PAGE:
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Dash of Inspiration: Typography – Text Placement

June 24, 2013

A Dash of Inspiration, A Cup of Creativity by Doreen

Typography: Text Placement

Let’s keep this series going by completing the TYPOGRAPHY grouping of the Submission Guidelines, and last up  is:

TYPOGRAPHY: Text Placement    

The Submission Guidelines state this:

When designing a greeting card, your text placement should not be an afterthought. The best place for the text to reside on your design needs to be well thought out. Your message needs to be part of the composition NOT just stuck wherever there is space left! Do not use slanted or curved text without choosing a font that translates well when tilted or curved and you’ve become an expert in this technique which can make or break a design. Nine out of ten designs look unprofessional when the text is done this way . . . so unless you know what you are doing, don’t do it. Declines may include, but are not limited to: Curved, tilted, wavy or slanted text, text broken up and randomly placed all over the image, text which is placed across a face or important part of the image, etc.

This may be the most common Typography area where artists will receive returns and/or declines. As stated in the guidelines, when you slap text over the image rather than placing it where it’s easy to read and well-balanced with the elements in the design, the card simply looks unprofessional.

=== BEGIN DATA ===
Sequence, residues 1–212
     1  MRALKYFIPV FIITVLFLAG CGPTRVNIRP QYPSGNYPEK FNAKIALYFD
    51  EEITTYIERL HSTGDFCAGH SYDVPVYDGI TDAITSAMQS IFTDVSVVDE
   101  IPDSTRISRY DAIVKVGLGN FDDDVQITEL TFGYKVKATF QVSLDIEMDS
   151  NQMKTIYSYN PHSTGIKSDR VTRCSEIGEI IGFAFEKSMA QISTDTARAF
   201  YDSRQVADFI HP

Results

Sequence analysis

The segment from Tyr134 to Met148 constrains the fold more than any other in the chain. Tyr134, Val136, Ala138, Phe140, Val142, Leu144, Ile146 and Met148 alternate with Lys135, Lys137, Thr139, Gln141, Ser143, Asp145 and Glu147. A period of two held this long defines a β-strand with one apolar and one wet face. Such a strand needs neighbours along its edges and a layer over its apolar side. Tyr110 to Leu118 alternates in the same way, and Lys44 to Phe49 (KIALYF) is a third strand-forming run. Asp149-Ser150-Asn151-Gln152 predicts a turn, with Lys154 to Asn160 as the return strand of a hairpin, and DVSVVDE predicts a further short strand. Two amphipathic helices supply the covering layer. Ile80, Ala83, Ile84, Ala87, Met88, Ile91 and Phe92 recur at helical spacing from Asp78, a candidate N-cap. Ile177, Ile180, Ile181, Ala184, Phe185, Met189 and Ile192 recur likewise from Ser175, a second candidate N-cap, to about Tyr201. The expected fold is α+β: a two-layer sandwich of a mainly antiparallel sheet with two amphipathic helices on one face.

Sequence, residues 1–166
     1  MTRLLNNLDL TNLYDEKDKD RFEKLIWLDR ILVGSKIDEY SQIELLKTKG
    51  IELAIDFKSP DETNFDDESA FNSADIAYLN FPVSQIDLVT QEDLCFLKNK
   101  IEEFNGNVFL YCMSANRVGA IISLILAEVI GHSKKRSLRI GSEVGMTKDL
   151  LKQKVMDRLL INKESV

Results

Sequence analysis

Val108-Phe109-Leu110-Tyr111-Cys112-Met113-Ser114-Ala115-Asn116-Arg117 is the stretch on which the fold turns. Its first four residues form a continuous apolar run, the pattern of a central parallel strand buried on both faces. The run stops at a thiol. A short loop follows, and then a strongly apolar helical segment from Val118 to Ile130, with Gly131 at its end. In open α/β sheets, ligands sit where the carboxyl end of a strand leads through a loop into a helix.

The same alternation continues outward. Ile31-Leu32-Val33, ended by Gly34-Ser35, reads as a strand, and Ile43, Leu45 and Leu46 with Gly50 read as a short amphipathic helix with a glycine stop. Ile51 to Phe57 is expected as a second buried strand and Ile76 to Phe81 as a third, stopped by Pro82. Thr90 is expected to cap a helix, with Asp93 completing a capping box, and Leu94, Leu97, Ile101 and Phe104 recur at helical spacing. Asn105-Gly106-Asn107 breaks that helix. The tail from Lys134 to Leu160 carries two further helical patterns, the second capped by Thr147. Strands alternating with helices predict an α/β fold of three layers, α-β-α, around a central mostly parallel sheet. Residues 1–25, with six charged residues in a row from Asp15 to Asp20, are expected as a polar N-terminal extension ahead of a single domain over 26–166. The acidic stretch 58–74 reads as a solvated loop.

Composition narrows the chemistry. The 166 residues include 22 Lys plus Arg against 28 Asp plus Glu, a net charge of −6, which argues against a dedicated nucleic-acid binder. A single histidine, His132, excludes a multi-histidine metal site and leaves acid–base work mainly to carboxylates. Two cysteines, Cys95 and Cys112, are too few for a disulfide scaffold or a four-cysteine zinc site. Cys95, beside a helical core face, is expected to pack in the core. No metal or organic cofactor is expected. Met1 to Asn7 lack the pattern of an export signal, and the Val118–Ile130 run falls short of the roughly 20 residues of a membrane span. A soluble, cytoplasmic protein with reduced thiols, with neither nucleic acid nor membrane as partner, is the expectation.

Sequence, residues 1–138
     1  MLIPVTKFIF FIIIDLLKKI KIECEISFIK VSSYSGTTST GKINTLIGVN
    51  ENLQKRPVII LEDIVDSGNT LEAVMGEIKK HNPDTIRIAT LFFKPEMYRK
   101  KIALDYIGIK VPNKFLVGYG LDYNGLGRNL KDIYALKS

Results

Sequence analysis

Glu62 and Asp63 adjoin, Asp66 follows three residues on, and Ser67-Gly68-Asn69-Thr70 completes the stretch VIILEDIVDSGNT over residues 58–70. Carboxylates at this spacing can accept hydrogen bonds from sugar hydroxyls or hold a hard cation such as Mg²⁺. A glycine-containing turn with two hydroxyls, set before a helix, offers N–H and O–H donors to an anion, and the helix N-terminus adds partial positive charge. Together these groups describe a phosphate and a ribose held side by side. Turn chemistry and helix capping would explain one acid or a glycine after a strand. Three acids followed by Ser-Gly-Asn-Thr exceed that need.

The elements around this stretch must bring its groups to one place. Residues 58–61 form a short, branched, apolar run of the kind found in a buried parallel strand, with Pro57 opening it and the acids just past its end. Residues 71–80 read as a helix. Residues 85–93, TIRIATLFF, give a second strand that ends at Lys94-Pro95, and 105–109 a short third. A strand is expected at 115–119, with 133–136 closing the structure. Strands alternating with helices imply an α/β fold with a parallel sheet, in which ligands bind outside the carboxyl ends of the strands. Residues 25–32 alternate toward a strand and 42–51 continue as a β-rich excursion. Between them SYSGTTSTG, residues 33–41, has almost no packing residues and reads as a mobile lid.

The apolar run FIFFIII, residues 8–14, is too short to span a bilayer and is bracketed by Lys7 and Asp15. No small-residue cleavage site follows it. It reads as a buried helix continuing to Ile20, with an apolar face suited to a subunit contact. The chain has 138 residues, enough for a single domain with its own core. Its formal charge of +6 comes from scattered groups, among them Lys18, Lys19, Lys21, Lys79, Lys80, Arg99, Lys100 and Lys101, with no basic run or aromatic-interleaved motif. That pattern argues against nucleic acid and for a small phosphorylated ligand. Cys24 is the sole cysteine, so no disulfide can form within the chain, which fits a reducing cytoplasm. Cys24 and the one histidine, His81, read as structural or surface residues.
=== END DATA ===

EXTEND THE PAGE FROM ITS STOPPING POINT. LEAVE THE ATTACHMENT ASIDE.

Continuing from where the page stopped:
Not mentioned, but also a cause for decline if not done well is vertical text which does not work the majority of the time. When it’s pulled off, it’s done so with a very legible font and using all upper case letters for readability. In most cases you are better off creating the text normally and then turning the text 90-degrees to run along the edge of the card rather than stacking the letters on top of each other.

Curved / Tilted / Slanted Text:  It is very rare for curved, slanted, wavy or tilted text to work within a greeting card design.  When it does, it does so because it’s following the lines and theme of the design. Still, this is a common mistake for the inexperienced greeting card designer to tilt the text in some way with no real connection to the image and no balance in the overall design. First let’s look at some GCU cards from artists who know how and when to curve/tilt/slant/wave the text using techniques which result in a professional and great design.


(Row One, L to R: Great Scott Designs, Nancy’s Nook; Row Two, L to R: Red Rose Digital Art, Clara Chandler, Doreen Erhardt)

Here are some examples which are not acceptable choices for your cards.

text 2 image 1

Randomly Placed / Scattered Text:  Always remember when creating your design that the viewer reads from right to left and from top to bottom, so when you randomly scatter text all over an image which does not follow any clearly defined pattern or maintain readability, you’ve created chaos. Here are some examples of well-thought-out professional techniques which create a feeling of balance and in some cases even a pattern emerges.